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Join Date: Apr 2004
Re: TJ Yates
Here's a piece that I stumbled across, which I have never seen posted on this board before. The repeated knock on Yates at the time of the draft was that his arm was suspect. But if most of this is true, we may have finally found that diamond that the Texans seem to always be looking for.
Veteran QB coach on T.J. Yates: 'He's got plenty of arm'
by Aaron Wilson
April 12, 02011
Highly respected quarterbacks coach Larry Kennan has worked with everyone from Eli Manning to Chad Pennington, Tim Couch, Drew Brees, Byron Leftwich and Alex Smith.
And the veteran former New England Patriots assistant ranks University of North Carolina quarterback T.J. Yates comparably to those NFL quarterbacks in terms of football acumen, leadership and ability.
A four-year starter for the Tar Heels, Yates is visting the Indianapolis Colts today and the Atlanta Falcons later this week and has previously conducted private workouts for the Kansas City Chiefs, Chicago Bears and the Philadelphia Eagles.
"He's been extremely well-schooled, he’s like an NFL veteran quarterback," Kennan told National Football Post today in a telephone interview. "He had great coaching at North Carolina. He had to learn coverages and blitzes and protections. He's very wise about those things, way ahead of where a lot of guys are at that time. I've worked with Byron Leftwich and Chad Pennington and Drew Brees and T.J. is about as good as anybody I've seen. He's very aware. He can watch film and see exactly what's going on with coverage. He's very advanced.
"I've told a couple teams that run more complicated offenses like New Orleans that he would fit in very well with them. T.J. can make all the throws. The knock on him is that he doesn't have a strong arm, but he's got plenty of arm. Obviously, I’m high on the guy. What I’ve seen from him is real good stuff. With Eli and Alex Smith and Pennington, he's right up there with them. There's not a hell of a lot of difference in watching him throw and watching Eli throw."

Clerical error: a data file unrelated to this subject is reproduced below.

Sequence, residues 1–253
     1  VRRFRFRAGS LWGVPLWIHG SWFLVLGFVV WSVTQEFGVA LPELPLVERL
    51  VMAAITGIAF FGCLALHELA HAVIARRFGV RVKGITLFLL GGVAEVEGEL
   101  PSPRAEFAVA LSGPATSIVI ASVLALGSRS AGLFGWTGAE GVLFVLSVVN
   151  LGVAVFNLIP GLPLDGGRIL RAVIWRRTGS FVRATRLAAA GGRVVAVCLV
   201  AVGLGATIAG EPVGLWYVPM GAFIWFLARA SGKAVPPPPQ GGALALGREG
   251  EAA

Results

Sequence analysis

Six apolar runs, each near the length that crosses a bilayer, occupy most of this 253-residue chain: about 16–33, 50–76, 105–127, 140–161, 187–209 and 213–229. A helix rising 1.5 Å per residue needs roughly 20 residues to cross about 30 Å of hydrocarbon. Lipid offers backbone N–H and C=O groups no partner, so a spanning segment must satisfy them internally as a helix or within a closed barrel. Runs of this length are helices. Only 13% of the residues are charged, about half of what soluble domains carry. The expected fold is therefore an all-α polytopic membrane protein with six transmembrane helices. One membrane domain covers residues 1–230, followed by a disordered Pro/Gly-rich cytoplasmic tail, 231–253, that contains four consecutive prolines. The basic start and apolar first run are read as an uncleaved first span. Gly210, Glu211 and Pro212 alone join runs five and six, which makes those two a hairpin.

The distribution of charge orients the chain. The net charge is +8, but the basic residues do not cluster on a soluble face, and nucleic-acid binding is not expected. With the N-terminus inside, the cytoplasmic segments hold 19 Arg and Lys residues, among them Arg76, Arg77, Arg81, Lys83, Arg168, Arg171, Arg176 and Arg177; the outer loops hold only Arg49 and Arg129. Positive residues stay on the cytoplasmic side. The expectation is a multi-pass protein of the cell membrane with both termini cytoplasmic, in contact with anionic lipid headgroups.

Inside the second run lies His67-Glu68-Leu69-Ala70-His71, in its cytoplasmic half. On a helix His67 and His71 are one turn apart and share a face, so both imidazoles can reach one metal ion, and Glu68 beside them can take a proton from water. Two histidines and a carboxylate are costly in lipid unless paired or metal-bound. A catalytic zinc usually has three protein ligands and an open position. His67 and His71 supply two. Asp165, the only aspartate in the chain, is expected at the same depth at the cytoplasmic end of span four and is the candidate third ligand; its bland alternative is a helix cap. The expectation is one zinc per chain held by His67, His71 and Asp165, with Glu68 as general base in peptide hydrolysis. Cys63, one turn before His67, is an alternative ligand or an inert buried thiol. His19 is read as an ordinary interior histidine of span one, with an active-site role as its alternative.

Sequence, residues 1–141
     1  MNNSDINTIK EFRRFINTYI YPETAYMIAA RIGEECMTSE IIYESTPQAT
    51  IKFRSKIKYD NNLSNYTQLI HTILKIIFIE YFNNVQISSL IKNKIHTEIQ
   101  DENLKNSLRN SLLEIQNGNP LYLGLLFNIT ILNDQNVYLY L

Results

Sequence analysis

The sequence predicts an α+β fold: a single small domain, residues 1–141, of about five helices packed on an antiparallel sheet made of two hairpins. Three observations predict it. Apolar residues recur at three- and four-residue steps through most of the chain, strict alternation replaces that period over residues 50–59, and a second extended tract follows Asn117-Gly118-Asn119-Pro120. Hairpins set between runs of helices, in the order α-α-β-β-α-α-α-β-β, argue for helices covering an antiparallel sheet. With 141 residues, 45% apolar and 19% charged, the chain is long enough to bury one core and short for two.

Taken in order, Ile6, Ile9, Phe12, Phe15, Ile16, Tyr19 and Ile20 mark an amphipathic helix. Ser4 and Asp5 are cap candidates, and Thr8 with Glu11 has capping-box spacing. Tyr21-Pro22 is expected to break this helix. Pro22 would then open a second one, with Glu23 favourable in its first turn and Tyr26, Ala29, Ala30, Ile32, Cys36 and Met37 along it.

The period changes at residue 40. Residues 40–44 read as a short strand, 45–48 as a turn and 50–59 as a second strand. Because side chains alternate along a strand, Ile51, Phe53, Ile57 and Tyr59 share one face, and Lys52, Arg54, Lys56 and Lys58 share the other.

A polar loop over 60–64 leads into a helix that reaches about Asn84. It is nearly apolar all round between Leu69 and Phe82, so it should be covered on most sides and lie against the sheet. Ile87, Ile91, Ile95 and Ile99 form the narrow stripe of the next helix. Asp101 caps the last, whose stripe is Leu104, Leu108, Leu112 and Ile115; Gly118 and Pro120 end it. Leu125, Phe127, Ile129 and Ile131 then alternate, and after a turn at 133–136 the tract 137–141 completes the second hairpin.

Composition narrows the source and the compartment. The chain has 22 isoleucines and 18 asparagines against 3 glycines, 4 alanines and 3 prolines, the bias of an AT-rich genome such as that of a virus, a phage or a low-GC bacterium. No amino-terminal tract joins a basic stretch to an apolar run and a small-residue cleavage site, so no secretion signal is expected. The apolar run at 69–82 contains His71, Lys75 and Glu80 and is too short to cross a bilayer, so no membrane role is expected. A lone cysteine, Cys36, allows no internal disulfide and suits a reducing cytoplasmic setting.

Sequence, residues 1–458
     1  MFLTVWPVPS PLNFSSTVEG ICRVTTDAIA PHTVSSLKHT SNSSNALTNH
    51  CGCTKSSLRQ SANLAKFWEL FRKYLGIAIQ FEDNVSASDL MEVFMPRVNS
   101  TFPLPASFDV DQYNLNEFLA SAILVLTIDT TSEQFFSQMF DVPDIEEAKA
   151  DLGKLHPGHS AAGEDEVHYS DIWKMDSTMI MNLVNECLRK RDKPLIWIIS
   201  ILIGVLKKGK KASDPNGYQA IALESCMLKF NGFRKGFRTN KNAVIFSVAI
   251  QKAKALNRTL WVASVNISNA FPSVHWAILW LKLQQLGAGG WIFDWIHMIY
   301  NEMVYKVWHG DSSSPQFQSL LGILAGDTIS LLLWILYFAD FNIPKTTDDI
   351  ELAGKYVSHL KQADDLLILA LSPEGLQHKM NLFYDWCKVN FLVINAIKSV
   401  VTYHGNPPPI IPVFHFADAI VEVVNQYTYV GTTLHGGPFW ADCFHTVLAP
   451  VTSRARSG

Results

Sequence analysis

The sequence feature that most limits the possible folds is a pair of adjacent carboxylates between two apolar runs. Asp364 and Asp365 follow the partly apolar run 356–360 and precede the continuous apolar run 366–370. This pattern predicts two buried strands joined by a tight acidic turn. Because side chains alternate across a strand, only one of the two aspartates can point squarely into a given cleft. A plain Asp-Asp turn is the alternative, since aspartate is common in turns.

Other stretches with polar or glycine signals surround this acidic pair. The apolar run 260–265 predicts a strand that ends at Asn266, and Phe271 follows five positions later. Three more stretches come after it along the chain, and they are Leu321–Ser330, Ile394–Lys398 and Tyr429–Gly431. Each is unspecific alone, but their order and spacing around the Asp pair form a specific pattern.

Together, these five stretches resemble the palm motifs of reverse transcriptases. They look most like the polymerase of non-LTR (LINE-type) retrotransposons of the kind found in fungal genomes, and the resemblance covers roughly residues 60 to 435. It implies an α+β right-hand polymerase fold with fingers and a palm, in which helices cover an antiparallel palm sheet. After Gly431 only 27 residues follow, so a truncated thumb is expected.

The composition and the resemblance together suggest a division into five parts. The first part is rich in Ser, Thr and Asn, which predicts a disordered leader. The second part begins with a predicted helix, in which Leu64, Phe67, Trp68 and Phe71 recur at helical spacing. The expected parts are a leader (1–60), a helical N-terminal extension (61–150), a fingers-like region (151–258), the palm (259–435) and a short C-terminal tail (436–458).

The honorable-mention All-Atlantic Coast Conference selection draws high mark for intangibles, accuracy and productivity.
The four-year starter was graded as a later-round draft pick by most draft analysts, but is starting to garner middle-round consideration following a sharp Pro Day workout in Chapel Hill, N.C.
“I know there’s some teams that are thinking if we can get him in the fourth round it’s a steal," said Kennan, who prepared Yates for the NFL scouting combine, his Pro Day and the Texas vs. the Nation all-star game in San Antonio. "What I think about TJ I think if he goes to a good team he doesn’t have to play immediately and can be behind a good veteran for two or three years, then he can go some place after that and be a verygood starter on a good team. He will play in the league for 10 or 12 years. He'll work at it and he'll do the right things."
Yate completed all but a few of 130 scripted passes at his Pro Day.
"It was a phenomenal workout, I can’t imagine anyone not thinking it was a good workout," Kennan said. "It was rapid-fire. He only missed a couple."
The 6-foot-3, 219-pounder owns 37 school records for the Tar Heels.
Last season, Yates completed 66.8 percent of his throws for 3,418 yards and 19 touchdowns.
As a junior, he passed for 2,136 yards and 14 touchdowns.
For his career, he has passed for 9,143 yards and 57 touchdowns.
There aren't many four-year starters around.
"It’s completely invaluable," Kennan said. "He started for four years in a good conference, on a team that was rebuilding that went from being okay to being pretty good. With the exception of one year when Hakeem Nicks was there, he didn't have a great case of receivers. As a junior, he had a bunch of nobodies. His senior year, his best receiver and running back get suspended. It's hard to look good when you don’t have really good players around you."
The Tar Heels dealt with a lot of adversity last season due to NCAA suspensions and injuries, but Yates was a constant presence over the past four years.
"He lived through some hard times," Kennan said. "That's part of the reason he's not being talked about as a second or third-round pick. He didn't have that full complement of receivers or his stats would be phenomenal. T.J. is a quiet leader, not a shouter or a yeller.
"He's a very quiet leader and guys have great respect for him. He'd be a good guy for Indianapolis because he could learn from Peyton and he's one of the few guys who's smart enough to do what Peyton does and call the plays.".